We do not live in the ancient environment we evolved for. I agree that today in developed countries, each homosexual person having 4 extra nieces/nephews sounds very unlikely -- most people don't have 4 kids. But in the ancient jungle... okay, I am not sure what exactly was the most likely reason for death, but I would guess war for men, childbirth for women, and dying as a child from malnutrition or disease or accident for both. Women having maybe 15 kids on average, of whom maybe 3 reach adulthood... and especially if you have matriarchy, that is kids belong to their mother, fatherhood is an unknown concept, men naturally take care of their nieces/nephews... especially considering that most men did not reproduce anyway... it sounds possible. (It would make even more sense from the evolutionary perspective as a conditional response: a gene which, if you are male, makes you gay if you are below-average masculine compared to the rest of your tribe. You were most likely not going to reproduce anyway, don't risk your life fighting the local alpha male, focus on feeding and protecting your relatives instead.) Makes me wonder... in societies without homophobia, do gays live longer than heterosexual men on average?

Thanks for offering this insight! Could you clarify how those things are selected for in training? I am actually struggling to imagine how they could be selected for in a BUD/S context — so sharing would be helpful!

Also, you say that the training had effects but "not to that magnitude ... not necessarily even in that direction." I'm confused — it sounds like your friend enjoyed effects both to that magnitude and in that direction. Am I misunderstanding? 

Also, if he did enjoy such effects as you describe, do you have any hypotheses for the mechanism? Given that such radical changes are quite rare naturally, we'd expect there to be something at play here right?


(Army special forces, not SEALs) Scrupulosity: They had some tough navigation challenges where they were presented with opportunities to attempt to cheat, such as using flashlights or taking literal shortcuts, and several were weeded out there. Reliability: They had peer reviews, where the people who couldn't work well with a team got booted. Depends on what exactly you mean by "reliability", but "we can't rely on this guy" sounded like a big part of what people got dinged for there. "Viewing life as a series of task- oriented challenges" seems like a big part of the attitude that my friend had that helped him do very well there, even if a lot of it comes through as persistence. Some of it is significantly different though, like in SERE training where the challenge for him wasn't so much "don't quit" so much as it was "Stop giving your 'captors' attitude you dummy. Play to win.". Yeah, that was poorly explained, sorry about that. The "magnitude" is less than it seems at a glance for a couple reasons. He wasn't a "pot smoking slacker" because he lacked motivation to do anything, he was a "pot smoking slacker" because he didn't have respect for the games he was expected to play. When you look at him as a 12 year old kid, you wouldn't think of him joining the military and waking up early with a buzz cut and saying "Yes sir!". But when you hear he joined the special forces in particular, it's not "Wow! To think he could grow up to excel and take things seriously!", it's "Hm. The military aspect is a bit of a twist, but it makes sense. Kid's definitely the right kind of crazy". He was always a bit extreme, it's just that the way it came out changed -- and the military training was at least as much an effect of the change as it was a cause. It didn't come out in studying hard for straight As in college or anything that externally obvious, but there were some big changes before he joined the military. For example, he ended up deciding that there was something to the C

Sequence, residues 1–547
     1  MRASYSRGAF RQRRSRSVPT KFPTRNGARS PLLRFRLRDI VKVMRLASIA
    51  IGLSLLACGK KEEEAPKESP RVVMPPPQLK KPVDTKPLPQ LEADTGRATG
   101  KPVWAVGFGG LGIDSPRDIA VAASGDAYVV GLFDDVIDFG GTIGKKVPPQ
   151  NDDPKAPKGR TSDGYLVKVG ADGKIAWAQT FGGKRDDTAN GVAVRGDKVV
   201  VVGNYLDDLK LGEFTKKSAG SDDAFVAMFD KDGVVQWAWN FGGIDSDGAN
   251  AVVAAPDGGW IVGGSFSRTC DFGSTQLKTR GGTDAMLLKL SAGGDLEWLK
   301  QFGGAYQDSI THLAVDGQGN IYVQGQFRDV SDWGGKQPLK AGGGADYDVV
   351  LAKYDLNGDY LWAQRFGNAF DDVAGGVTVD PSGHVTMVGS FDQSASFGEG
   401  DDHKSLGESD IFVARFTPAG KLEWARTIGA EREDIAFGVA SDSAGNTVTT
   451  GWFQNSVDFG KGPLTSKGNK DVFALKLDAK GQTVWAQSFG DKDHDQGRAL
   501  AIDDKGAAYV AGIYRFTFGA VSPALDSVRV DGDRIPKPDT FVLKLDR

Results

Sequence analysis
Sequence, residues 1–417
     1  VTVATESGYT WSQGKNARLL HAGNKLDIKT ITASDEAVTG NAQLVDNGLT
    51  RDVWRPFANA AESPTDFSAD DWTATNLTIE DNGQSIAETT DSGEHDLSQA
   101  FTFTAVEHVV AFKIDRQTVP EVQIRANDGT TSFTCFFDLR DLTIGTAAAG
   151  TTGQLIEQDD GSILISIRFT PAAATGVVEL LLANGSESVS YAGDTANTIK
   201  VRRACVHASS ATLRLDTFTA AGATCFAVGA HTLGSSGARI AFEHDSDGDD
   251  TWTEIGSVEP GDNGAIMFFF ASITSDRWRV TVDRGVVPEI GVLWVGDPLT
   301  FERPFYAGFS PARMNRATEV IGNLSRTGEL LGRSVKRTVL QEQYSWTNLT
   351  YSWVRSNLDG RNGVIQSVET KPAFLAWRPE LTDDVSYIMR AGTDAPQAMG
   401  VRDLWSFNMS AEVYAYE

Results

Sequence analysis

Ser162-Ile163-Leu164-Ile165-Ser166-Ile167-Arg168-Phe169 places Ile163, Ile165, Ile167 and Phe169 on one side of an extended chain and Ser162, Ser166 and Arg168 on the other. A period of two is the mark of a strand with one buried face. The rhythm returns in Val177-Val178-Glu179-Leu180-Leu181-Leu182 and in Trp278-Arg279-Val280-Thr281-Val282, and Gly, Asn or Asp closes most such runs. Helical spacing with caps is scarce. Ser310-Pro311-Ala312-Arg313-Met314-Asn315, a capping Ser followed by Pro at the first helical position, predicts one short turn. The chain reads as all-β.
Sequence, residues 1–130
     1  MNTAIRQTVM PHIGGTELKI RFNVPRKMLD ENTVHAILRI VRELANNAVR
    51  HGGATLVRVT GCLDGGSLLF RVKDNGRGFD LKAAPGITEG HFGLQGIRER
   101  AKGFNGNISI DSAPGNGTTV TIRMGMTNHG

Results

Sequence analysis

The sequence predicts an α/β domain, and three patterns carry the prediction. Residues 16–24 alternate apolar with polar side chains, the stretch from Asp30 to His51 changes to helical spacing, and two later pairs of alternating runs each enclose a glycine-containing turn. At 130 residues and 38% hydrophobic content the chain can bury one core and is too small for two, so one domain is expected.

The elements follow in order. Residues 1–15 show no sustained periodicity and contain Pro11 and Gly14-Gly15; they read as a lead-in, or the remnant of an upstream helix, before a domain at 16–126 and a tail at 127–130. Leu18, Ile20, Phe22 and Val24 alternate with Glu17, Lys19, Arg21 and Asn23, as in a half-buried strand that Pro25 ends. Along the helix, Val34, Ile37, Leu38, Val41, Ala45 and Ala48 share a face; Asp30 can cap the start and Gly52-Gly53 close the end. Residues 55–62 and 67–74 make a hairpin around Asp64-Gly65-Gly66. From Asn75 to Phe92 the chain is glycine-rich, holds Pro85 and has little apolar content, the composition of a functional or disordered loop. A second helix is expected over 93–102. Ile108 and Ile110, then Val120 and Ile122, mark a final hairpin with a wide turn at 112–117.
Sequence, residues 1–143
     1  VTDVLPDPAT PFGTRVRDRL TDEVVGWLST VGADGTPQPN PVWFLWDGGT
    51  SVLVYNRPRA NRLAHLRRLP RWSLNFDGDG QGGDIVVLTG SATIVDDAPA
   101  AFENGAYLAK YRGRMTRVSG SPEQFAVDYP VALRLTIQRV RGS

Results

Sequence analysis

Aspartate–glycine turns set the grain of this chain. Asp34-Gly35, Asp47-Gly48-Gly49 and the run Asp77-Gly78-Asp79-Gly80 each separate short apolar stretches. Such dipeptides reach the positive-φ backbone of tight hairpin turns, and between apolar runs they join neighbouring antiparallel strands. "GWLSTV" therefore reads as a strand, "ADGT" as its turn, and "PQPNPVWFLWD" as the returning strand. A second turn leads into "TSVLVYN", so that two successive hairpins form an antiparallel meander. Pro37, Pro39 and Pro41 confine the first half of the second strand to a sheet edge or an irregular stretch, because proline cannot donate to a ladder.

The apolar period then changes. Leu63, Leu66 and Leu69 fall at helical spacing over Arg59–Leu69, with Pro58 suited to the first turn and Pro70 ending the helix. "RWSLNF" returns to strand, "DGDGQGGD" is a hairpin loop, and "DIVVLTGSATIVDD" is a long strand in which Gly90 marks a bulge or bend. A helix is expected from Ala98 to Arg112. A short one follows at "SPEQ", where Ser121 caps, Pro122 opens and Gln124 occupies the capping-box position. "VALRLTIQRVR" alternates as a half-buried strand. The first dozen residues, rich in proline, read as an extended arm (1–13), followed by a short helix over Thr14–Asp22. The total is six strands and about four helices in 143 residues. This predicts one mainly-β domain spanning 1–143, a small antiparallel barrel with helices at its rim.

Thank you for offering feedback! The study you mentioned also references another that may indicate that further studies could be helpful to determine whether there is an effect "The results of McDonald, et al. (1988) suggest, inconclusively, that some personality changes may occur during SEAL training" (p 12). Generally speaking, your criticism is well-taken; I agree that the SEAL example is a difficult one because of the strong selection effects. Generally speaking, one should a priori expect more composite conscientiousness in any elite group (except may... (read more)

  I kinda fit that. I know someone who went from a "pot smoking slacker" to "elite and conscientious SOF badass", which kinda looks like what you're talking about from afar.  However, my conclusions from actually talking to him about it all before, during (iirc?), and after are very different. The training seems to be very very much about selection, everyone who got traumatized was weeded out, and things like "reliable, and scrupulous, viewing life as a series of task- oriented challenges" were all selected for. The training did have some effects, but not to that magnitude, not by that mechanism, and not necessarily even in that direction.